Value-added facts
Written by: Land Mobile | Published:

Land Mobile reports from the Federation of Communication Services’ annual event, which took place in November in Droitwich

The theme of this year’s FCS annual event was ‘providing customer value’, something which was apparent throughout the course of the day. It was split into two content streams – ‘business radio’ (BR18) and ‘vehicle technology installer’ (VTi18).

Proceedings kicked off in the business radio side of the conference with a keynote presentation from Gordon Jenkins of construction industry certification scheme CSCS. His topic of discussion was ‘qualifying the workforce’, looking specifically at an initiative which uses smart ID cards – in conjunction with a bespoke smartphone app – to verify the identity of those trying to access building sites.

Speaking of this, he said: “The technology provides our industry with a means to verify not only identity, but also the qualifications required for entry onto site to fulfil a particular role. It also shows that they have a basic level of health and safety awareness, which obviously is crucially important. It can also record training, and monitor time and attendance.”

Discussing the origins of the roll-out, he continued: “The initiative has been very much driven by health and safety. Construction has always had a bad record for workplace fatalities, and we’re still seeing about one a week at the moment. We have got better, but there’s still a long way to go.”

According to Jenkins the app is available for use both on- and offline. The pertinent information about a person’s core skills is stored on the card itself. The technology used to provide the service is open source rather than proprietary, something which was intended to enable other potential functions.

Things became much more ‘radio’ focused with a presentation from Hytera product specialist Chris Cant, who discussed the company’s burgeoning range of private Push-to-talk over Cellular (P-PoC) solutions. Having given a brief history and description of PoC technology – “it enables subscribers to use their phones as walkie talkies” – she focused in particular on Hytera’s P-PoC 6000 application, as used in conjunction with its PNC370 handset.

Able to function over both LTE and DMR networks, interworking services provided by the P-PoC 6000 include a variety of data messaging functions, real-time photo and video uploading, alongside group and individual PTT and so on. Cant also discussed (in less detail) the company’s P-PoC 9000 application, which – tantalisingly – she said complies with 3GPP Release 13 and is both mission-critical video and mission-critical data. enabled.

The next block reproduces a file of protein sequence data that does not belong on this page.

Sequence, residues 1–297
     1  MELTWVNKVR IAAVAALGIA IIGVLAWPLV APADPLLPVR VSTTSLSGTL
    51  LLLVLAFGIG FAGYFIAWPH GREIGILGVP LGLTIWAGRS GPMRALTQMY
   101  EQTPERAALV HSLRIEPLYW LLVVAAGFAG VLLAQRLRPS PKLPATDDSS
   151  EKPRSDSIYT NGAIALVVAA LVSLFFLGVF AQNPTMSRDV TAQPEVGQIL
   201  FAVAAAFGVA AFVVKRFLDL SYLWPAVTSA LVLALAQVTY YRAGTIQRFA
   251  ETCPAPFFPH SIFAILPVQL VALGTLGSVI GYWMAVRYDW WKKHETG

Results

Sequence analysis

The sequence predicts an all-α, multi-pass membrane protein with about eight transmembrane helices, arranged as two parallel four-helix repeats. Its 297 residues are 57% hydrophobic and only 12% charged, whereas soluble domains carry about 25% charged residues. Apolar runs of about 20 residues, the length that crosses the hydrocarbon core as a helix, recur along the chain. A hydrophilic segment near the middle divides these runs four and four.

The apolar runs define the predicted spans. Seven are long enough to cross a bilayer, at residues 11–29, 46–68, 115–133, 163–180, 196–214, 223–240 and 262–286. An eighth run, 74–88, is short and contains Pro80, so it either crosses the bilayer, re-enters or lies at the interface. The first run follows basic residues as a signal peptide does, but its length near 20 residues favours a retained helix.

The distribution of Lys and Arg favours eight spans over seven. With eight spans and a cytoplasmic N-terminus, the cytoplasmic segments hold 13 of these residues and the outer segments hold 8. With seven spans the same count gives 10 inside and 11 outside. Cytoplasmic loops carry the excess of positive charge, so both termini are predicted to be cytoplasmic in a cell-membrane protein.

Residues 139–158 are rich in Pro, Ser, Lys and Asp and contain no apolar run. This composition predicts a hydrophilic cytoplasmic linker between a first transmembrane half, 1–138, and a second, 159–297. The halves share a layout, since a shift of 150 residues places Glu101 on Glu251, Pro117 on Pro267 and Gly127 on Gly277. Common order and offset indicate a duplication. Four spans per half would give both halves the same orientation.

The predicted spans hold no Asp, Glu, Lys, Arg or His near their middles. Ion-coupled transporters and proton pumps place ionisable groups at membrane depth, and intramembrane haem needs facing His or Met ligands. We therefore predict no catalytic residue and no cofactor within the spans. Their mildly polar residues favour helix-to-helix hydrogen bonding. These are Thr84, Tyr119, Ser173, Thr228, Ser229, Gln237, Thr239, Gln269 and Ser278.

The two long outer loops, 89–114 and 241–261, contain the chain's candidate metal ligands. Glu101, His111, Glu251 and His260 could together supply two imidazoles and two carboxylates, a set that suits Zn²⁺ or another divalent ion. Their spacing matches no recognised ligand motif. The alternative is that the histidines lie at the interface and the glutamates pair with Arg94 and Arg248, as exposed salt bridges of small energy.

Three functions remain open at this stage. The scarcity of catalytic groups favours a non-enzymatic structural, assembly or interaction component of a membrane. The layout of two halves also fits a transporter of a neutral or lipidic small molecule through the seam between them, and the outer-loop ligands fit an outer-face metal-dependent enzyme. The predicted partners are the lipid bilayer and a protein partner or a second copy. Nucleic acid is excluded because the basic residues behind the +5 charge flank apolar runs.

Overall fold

Staying on the subject of ‘value’, Ofcom delivered a three-part presentation from Paul Jarvis, Jenny Bailey and Neil Rynn looking at signal monitoring. Arguably the most compelling of these sections came from senior engineer Bailey, focusing as it did on the organisation’s development of ‘cheaper’ solutions – including drones – for deployment at difficult-to-reach sites.

Speaking of this, Bailey said: “We often want to monitor signals at a remote location, for instance on top of a block of flats or a school. We can’t usually put out an expensive piece of test equipment in these scenarios, so we’ve looked at coming up with something a bit more expendable in the form of small boxes containing fairly cheap parts such as Raspberry Pis and Odroid computers. These enable us to scan a number of different frequencies, in relation to a variety of monitoring applications.

“Regarding drones, one use-case has been to support coverage planning work for digital television. To achieve this the team had to design a suitable antenna and cradle for mounting a spectrum monitor that could be powered by the drone. The whole assembly was then characterised and calibrated.”

Other presentations in the BR18 stream included Richard Russell from Tait discussing, among other things, public safety solutions, Kenwood’s Stephen Edwards on ‘practical considerations for high density and wide area DMR systems’, and Transport for London’s Dimitris Kaltakis talking about the organisation’s comms strategy. The VTi18 side included Paul Wilkes from the Fleet Operators Recognition Scheme offering a vehicle safety equipment guide, as well as a variety of presentations from FITAS’s Jason McComb.

This year’s Gerald David Award for Innovation in Business Radio, meanwhile, was won by GlobalView Systems for its RETAIN notification solution for retained firefighters.

Speaking of the importance of the award – which was presented after the conference during the event’s gala dinner – the FCS’s Tim Cull said: “Gerald David (OBE) proposed that it would be advantageous if a tangible benefit to innovators was available, encouraging a specific focus on innovation within the industry.

“The Award for Innovation in Business Radio came into being in 2004, and recognises the most innovative company in the UK within the business radio industry.”

The Award for Innovation in Business Radio was presented to GlobalView Systems

As in other years, BR and VTi 2018 was a must-attend event. We look forward to next time.


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